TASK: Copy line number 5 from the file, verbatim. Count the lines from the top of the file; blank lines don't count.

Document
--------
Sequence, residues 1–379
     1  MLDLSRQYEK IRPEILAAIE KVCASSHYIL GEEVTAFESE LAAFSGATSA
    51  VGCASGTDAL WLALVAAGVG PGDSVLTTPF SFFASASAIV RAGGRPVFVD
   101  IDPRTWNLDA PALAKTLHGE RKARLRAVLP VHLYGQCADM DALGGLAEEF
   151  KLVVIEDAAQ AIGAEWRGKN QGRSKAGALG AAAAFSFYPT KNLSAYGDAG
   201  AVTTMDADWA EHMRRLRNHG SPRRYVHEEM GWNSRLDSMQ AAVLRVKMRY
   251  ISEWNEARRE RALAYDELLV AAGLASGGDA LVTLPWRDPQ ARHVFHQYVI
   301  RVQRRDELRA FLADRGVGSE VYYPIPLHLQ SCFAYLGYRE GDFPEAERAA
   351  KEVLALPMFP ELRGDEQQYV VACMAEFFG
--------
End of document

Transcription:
   151  KLVVIEDAAQ AIGAEWRGKN QGRSKAGALG AAAAFSFYPT KNLSAYGDAG